The central bank has revealed a troubled financial sector in a statement Tuesday, citing “poor banking practices” as one of the many causes.
The Bank of Ghana (BoG) reveals the takeover of the management Unibank announced Tuesday is among target actions to correct the situation.
“Poor banking practices, coupled with weak supervision and regulation by the Bank of Ghana has significantly undermined the stability of the banking and other non-bank financial institutions and we all know some of the consequences by now—revocation of licenses of two banks while other banks were placed under comprehensive capital restoration plans,” the central bank acknowledged.
The central bank Governor announced the take over of the management of the privately-owned Unibank by KPMG at a press conference in Accra, citing 10 reasons that point to severe challenges.
Ernest Addison said the bank, adjudged 6th best performing company in Ghana at the Ghana Club 100 awards in 2017, provided inaccurate d the central bank’s effort to resolve the problems last year.
Unibank is said to have “persistently suffered liquidity shortfalls and consistently breached its cash reserve requirement.”
Last year, Capital Bank and UT Bank suffered similar fates when the BoG announced state-owned Ghana Commercial Bank as the new owner of the two private banks.
The BoG explained at the time that the takeover of the two banks, which was preceded by the revocation of their licences, was due to severe impairment of their capital.
The central bank’s statement on Tuesday is titled “State of the financial sector in Ghana”, and trances to problems in the sector to a review conducted two years ago.
“A comprehensive Asset Quality Review (AQR) conducted by the Bank of Ghana in 2016 showed severe deterioration in asset quality in the banking sector. The AQR results also showed substantial provisioning shortfalls in a subset of banks (with a combined capital
needs of around 1.6% of GDP).
“These toxic balance sheets of banks contributed to a decline in credit to the private sector and higher lending rates and spreads, undermining the transmission of monetary policy rate to the economy through market rates. In addition, there was unusual forbearance by the Bank of Ghana, which resulted in the extension of significant amounts of Emergency Liquidity Assistance (ELA) to these ailing banks, some of which were uncollateralized with accompanying risks to both the Bank of Ghana, in terms resources to conduct monetary policy operations and reputation risks, and also to the banks themselves.
“This official liquidity injection, together with banks’ reluctance to extend new credit, further increased excess liquidity in the economy, which became extremely expensive for the Bank of Ghana to mop in order to support the disinflation process,” the BoG recounts.
The central bank, however, gave the assurance that a cleanup of the sector has started in earnest.
“While several important steps have been taken thus far, a lot remains to be done to restore safety, soundness and stability in the financial sector,” the statement assured.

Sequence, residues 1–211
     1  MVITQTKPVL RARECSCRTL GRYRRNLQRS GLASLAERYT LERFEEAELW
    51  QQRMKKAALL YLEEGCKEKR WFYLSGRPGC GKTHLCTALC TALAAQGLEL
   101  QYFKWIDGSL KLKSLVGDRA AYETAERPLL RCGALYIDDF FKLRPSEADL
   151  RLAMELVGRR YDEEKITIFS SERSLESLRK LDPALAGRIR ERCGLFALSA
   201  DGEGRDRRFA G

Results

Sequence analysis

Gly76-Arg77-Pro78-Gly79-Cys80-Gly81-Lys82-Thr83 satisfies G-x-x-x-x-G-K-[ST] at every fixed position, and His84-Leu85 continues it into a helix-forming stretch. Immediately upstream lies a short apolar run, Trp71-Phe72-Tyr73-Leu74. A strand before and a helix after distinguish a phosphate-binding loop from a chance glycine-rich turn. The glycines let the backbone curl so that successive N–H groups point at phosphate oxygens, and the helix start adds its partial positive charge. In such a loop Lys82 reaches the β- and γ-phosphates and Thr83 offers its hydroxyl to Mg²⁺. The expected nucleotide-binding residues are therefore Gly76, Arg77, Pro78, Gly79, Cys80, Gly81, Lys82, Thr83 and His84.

The challenges in the sector notwithstanding, the central bank said the outlook for the financial sector is positive.
“In the months ahead, we will engage with stakeholders as we design specific measures to strengthen systems and processes that would improve the industry.
The BoG has set out the following measures as a means of restoring confidence in the financial system:
– Introduction of the Basel Regulatory Capital Requirement Directive;
– Review of guidelines, directives and regulations to the industry in line with the new Banks and Specialized Deposit-taking Institutions Act, 2016 (Act 930);
– Roll-out of the Basel II/III supervisory framework, and ensure implementation of IFRS 9 by banks;
– Full implementation of the new minimum capital requirements for banks by end-December 2018 deadline. To this end, the BOG will issue guidelines to the industry on compliance with the capital increase directive of 2017 and strictly monitor compliance;
– Address specific risks from high NPLs, poor corporate governance and poor risk management systems. To this end, we will issue directives on corporate governance, risk management (including cyber and information security-related risks);
– Strictly enforce Fit and Proper Guidelines for Shareholders, Directors and Key Management Personnel of Banks and SDIs as well as other supervised Non-Bank Financial Institutions to ensure bad behaviour is not recycled within the financial sector;
– Strengthen the capacity and resources of the Banking and Supervision Department, undertake a comprehensive review and improvement of all supervisory processes, and ensure strong enforcement of prudential and conduct regulatory requirements;
– Strengthen overall financial stability risk assessments and establish adequate measures to promote stability of the financial system;
– Roll out implementation of the deposit insurance scheme established under the Ghana Deposit Protection Act, 2016 (Act 931),
– Introduce Banking Sector Cyber and Information Security Guidelines to protect consumers and create a safer environment for online and e-payments products in line with the government’s interoperability objective, and finally
– Improve collaboration with other regulatory bodies to prevent regulatory arbitrage;